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October 21, 2021


2015 San Pedro Prep Softball Preview -

Friday, May 1, 2015

Art Preview: ‘Non-Native’ by Ingrid Dietrich -

Wednesday, April 1, 2015

San Pedro Prep Baseball 2015 Preview -

Wednesday, April 1, 2015

Recapping The Final Gaffey Street Community Workshop -

Tuesday, March 3, 2015

Tiffany Torres Bears Down For Success At POLA High -

Tuesday, March 3, 2015

San Pedro Fish Market Launches Scholarship Contest -

Thursday, January 15, 2015

San Pedro’s Rita Fiorenza Is A Basketball Revelation -

Thursday, January 15, 2015

‘No Lane Reductions’ As Gaffey Street Redevelopment Plans Move Forward -

Friday, January 9, 2015

San Pedro Prep Sports 2014 Fall Review -

Wednesday, December 31, 2014

LAPD Harbor Division and Philie B’s Pizza To Host Charity Events This Weekend -

Wednesday, December 17, 2014

San Pedro Holiday Parade Returns Sunday with a Twist -

Tuesday, December 2, 2014

Winter Wonderland Comes To The Waterfront -

Monday, December 1, 2014

One-Way Streets May Come to Downtown San Pedro -

Tuesday, November 25, 2014

San Pedro’s Two Newest Volleyball Skyscrapers: Allison Kittell & Tracy Folchi -

Monday, November 10, 2014

San Pedro and POLA Prep Girls Cross-Country Preview: Running For More Glory -

Thursday, November 6, 2014

International Craft Beer Festival Comes to Crafted This Weekend -

Thursday, November 6, 2014

Second Workshop for Urban Greening Project Receives Warm Reception from Community -

Wednesday, October 8, 2014

Construction of Mixed-Use Apartment Complex on Gaffey Could Begin Next Spring -

Thursday, September 25, 2014

UPDATE: Blaze Inside Port of L.A. in Wilmington Nearly Contained; Air Quality Deemed ‘Safe’ -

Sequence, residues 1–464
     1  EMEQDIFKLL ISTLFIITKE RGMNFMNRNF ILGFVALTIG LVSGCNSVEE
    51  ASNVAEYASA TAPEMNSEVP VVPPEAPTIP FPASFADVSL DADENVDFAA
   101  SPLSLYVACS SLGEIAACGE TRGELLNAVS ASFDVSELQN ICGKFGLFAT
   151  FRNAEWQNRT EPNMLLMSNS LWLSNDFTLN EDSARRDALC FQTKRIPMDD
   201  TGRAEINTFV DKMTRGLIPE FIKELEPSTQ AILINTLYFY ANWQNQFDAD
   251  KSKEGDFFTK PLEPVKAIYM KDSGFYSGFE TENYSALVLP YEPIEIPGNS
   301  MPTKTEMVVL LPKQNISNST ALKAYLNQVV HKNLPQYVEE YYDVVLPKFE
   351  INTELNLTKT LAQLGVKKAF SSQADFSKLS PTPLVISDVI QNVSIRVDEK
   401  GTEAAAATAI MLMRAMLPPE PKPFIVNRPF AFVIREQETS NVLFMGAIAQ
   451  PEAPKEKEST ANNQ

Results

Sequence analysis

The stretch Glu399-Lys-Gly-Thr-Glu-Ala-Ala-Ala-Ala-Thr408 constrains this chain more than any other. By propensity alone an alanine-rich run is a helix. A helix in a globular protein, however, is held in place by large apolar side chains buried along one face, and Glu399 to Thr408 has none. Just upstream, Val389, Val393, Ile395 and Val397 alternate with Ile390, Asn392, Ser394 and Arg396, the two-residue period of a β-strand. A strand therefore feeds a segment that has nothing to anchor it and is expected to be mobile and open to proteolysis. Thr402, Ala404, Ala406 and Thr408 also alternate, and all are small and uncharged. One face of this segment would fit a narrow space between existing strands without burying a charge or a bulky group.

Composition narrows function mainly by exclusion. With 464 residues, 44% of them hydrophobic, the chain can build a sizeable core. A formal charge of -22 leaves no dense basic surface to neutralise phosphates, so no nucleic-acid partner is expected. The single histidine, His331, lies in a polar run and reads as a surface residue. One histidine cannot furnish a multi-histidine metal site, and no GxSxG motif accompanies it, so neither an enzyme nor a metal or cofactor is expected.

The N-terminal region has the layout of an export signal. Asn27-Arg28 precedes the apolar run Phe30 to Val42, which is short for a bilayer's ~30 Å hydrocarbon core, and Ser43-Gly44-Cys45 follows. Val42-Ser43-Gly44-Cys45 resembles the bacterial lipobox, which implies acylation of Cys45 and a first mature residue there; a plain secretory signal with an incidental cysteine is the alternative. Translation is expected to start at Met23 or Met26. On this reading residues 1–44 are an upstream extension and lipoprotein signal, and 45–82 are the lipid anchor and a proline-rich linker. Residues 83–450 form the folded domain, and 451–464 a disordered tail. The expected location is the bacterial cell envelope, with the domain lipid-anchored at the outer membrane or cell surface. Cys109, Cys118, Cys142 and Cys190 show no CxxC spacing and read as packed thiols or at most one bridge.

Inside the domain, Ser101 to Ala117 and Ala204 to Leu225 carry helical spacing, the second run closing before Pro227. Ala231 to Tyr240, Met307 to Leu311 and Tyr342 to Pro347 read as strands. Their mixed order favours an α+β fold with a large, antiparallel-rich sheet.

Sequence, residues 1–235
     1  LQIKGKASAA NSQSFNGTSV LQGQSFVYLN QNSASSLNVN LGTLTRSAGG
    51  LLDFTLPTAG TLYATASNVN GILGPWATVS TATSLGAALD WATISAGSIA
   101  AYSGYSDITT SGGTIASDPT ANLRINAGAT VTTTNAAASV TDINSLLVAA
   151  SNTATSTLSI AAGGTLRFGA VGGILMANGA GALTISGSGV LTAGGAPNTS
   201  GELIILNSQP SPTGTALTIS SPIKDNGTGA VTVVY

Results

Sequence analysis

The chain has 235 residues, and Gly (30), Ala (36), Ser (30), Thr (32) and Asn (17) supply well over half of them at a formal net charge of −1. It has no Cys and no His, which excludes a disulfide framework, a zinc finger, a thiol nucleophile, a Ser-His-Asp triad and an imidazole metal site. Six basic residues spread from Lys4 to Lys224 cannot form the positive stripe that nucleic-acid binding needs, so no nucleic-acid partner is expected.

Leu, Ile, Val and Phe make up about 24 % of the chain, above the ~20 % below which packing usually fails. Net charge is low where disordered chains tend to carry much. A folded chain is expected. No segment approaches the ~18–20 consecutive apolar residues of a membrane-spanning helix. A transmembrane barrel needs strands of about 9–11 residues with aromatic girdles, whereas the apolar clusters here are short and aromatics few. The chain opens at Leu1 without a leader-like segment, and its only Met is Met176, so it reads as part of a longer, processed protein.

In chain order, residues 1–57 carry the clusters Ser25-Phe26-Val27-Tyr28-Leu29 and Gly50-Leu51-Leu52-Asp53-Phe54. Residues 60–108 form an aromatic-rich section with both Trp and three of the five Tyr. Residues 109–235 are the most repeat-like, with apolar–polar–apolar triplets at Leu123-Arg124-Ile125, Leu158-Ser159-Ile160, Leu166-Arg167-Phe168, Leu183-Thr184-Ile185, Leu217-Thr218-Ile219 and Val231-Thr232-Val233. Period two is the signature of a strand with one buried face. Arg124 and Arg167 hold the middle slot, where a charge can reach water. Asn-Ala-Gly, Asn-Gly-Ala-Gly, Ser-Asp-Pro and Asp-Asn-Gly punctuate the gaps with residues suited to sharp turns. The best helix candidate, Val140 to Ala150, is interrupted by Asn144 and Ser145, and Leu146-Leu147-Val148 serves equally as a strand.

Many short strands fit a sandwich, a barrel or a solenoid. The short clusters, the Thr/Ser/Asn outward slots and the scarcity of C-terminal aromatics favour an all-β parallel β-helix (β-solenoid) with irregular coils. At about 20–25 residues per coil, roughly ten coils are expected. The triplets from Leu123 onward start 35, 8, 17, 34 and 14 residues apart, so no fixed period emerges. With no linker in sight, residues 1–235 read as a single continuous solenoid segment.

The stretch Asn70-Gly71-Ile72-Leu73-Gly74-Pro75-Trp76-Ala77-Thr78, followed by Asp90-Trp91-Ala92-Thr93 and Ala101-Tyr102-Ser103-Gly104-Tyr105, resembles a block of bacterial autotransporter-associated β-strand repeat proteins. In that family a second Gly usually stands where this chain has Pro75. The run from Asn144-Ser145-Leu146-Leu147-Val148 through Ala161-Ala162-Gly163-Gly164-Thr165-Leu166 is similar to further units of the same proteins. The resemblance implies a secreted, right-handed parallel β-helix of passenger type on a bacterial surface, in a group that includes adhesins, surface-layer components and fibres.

Tuesday, September 23, 2014

San Pedro High Football Off To Another Strong Start -

Monday, September 22, 2014

Residents Collide with LADOT over Pacific Avenue Lane Reduction Plan

Councilman Joe Buscaino (center) listens to residents at the Pacific Ave. Road Diet forum at the Grand Annex. (photo: Corey Washington)

A traffic project forum held Wednesday night by City Councilman Joe Buscaino was met with resistance and skepticism from residents largely opposed to the implementation of a traffic mediation plan for Pacific Avenue.

Residents attended the Pacific Avenue Road Diet workshop joined by Los Angeles Department of Transportation (LADOT), which outlined the details of the $495,000 project and presented data collected to support the construction project. The mediation plan would consist of reducing Pacific Avenue to two lanes between O’Farrell and 22nd Streets, and the addition of bike lanes on both sides of the street. The project was funded through the State-Legislated Safe Routes to School Program, which included $445,000 in state funds and $49,500 in local funds.

Pacific Avenue Road Diet Fact Sheet (click to enlarge)

The Pacific Avenue reconstruction project is one of about 20 transportation projects initiated this year in San Pedro, mostly consisting of bike lane and stop sign installations throughout the city.

Michelle Mowery, senior bicycle coordinator for LADOT, emphasized that the project is a safety issue, not a bike lane project. The bike lane is only an “added benefit” to the construction project, she said. According to LADOT officials, about 80 children have been struck on Pacific Avenue in the last five years.

Even though turnout for the forum was noticeably low, residents shared a myriad of complaints about the construction project, including a potentially adverse impact on public transit users, lack of traffic enforcement, and the methodology of LADOT’s reports.

Others complained that traffic woes on Pacific Avenue were the natural result of population density, adding that the swelling number of residents in San Pedro needed to be addressed if traffic officials want to mitigate traffic issues.

Officials also said the project would create a 23-second traffic delay in the reconstructed zone, an estimate that many residents refuted.

There is “a difference between numbers on paper and reality,” said Vicki Micciche. Michecce believes construction projects such as Pacific Avenue are making residents feel “unwanted” and may eventually force residents to relocate.

The project design is about 95 percent complete. Officials said they will review the project after one year to examine the effects of the Pacific Avenue reconstruction.